This class is designed to continue where the Basic Auto Extrication course left off. Knowledge of common techniques and tools is a prerequisite. The course will involve hands-on practical training involving various scenarios and address scene safety, evaluation and management. Hands-on experience using various methods to stabilize vehicles on their side, upside down, and on other vehicles or barriers is necessary. Operations will involve laying down, crouching, or crawling in vehicles. Includes challenging scenarios where all members of the team must be working to keep from pushing out of the golden hour. Participants must furnish approved helmet, fire boots or leather safety boots, eye protection, gloves, coveralls or turnout gear for class. If conducted off-site, is the responsibility of the host department to provide vehicles and means for positioning them.
This course provides basics hands-on training for fire and rescue personnel in size-up, stabilization, hazard control, patient access, disentanglement and scene control techniques at automobile accidents involving one or two vehicles remaining on their wheels. Emphasis is placed on proper choice, placement and use of equipment available locally. From hand tools such as bars and hack saws, to electric tools such as nibblers and recip saws, to air powered tools like air chisels and impact wrenches, to heavy hydraulic tools – all are employed depending on local capabilities. Arrangements may be made for larger division or county classes to provide a cache of tools for the class. The vehicles used for class are provided by and disposed of by the local fire department. NOTE: Protective Clothing Required -- Participants must furnish approved helmet, fire boots or leather safety boots, eye protection, gloves, coveralls or turnout gear for class. Vehicles for actual extrication exercises must be supplied locally.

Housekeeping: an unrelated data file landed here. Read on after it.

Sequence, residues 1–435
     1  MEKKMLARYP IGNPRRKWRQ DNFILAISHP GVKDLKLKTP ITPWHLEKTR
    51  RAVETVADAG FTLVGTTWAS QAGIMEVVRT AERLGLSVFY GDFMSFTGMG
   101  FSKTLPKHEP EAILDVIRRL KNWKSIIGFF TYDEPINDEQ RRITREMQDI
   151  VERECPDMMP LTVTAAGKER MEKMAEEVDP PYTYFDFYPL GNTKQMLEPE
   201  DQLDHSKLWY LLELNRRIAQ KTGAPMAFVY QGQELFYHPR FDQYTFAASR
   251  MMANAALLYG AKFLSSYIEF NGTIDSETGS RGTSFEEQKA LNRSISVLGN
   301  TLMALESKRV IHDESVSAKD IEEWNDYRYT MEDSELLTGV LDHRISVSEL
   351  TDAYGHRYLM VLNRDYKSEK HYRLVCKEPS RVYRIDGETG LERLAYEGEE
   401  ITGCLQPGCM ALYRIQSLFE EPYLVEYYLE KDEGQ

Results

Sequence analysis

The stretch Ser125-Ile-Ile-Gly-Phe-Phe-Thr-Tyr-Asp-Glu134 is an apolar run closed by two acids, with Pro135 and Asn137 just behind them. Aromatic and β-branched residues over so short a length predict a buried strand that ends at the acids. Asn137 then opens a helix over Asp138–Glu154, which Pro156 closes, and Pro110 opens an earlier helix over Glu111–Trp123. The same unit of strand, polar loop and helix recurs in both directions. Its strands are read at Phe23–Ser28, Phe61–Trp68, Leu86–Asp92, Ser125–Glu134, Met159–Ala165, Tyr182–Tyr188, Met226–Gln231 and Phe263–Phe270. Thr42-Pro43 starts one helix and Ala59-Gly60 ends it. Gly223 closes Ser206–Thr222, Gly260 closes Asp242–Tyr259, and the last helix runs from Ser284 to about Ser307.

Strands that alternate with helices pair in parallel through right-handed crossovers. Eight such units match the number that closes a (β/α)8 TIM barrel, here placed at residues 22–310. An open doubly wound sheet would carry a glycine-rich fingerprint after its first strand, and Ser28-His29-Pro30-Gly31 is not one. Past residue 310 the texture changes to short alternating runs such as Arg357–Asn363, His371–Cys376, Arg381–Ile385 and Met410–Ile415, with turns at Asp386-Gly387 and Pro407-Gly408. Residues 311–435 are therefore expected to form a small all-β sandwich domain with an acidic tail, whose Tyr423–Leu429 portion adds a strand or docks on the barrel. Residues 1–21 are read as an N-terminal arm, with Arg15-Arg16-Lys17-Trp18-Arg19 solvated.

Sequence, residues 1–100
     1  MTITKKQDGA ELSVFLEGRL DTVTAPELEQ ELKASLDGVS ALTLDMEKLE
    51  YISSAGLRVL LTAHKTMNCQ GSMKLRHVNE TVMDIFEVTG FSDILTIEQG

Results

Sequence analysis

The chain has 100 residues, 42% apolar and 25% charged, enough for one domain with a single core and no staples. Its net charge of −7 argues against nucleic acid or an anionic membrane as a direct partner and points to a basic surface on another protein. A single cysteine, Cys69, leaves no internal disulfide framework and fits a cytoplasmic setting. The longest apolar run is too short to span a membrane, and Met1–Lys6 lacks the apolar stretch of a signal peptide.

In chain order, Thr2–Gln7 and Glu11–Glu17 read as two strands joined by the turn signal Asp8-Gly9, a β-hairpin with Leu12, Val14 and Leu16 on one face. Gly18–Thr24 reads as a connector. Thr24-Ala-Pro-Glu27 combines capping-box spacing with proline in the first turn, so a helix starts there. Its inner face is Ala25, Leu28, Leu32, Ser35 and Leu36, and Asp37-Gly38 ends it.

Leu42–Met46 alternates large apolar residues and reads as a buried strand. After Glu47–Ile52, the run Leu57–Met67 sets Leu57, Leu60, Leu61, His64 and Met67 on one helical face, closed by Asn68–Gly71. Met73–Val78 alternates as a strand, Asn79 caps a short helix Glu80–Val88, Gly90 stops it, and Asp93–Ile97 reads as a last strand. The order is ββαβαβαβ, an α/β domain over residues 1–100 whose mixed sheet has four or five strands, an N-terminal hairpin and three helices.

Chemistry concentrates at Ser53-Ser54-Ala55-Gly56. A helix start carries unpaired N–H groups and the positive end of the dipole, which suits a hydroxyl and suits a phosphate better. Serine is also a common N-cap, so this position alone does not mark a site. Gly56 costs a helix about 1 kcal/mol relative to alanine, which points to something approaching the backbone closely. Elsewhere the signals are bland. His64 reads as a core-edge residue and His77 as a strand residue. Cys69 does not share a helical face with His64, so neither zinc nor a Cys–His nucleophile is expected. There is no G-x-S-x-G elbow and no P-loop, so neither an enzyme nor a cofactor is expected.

This class provides an understanding of construction types from fire resistive materials such as brick, block, concrete and steel, to wood frame structures. These typical single family and multifamily residential or business occupancies may be balloon frame, “stick built” with full dimensional lumber, or engineered components. The structural members of floor and roof systems are discussed as they relate to their intended purpose and what they do under live and dead loads while under the stress of fire and suppression activities. Openings such as windows, doors, skylights and ventilation shafts are discussed as they relate to the firefighting, search and rescue profile.
This course is FEMA approved and may also eligible for certification with ProBoard. This course will provide first responders with the knowledge and skills to: Understand what hazardous substances are and the risk associated with them in an incident; Recognize the presence of hazardous substances in an emergency; Understand the role of the emergency responder at the Awareness level, including site security and control; Have understanding of the U.S. Department of Transportation Emergency Response Guidebook; Realize the need for additional resources, call for appropriate assistance, and to make appropriate notifications to the community. This course also includes counter-terrorism curriculum. This course meets NFPA 472 Standard, 2013 Edition, OSHA CFR 29.1910.120 (q); it also meets the objectives outlined in the Emergency Response to Terrorism self-study guide and is certifiable by the NFA. This course also reflects the Awareness description as seen in NFPA 472 Annex E. Additionally, it meets the requirements of the Illinois Office of the State Fire Marshall, the Illinois Emergency Management Agency, and the National Fire Academy. This course is approved by the Illinois Department of Public Health for 8 Emergency Medical Services Continuing Education Hours.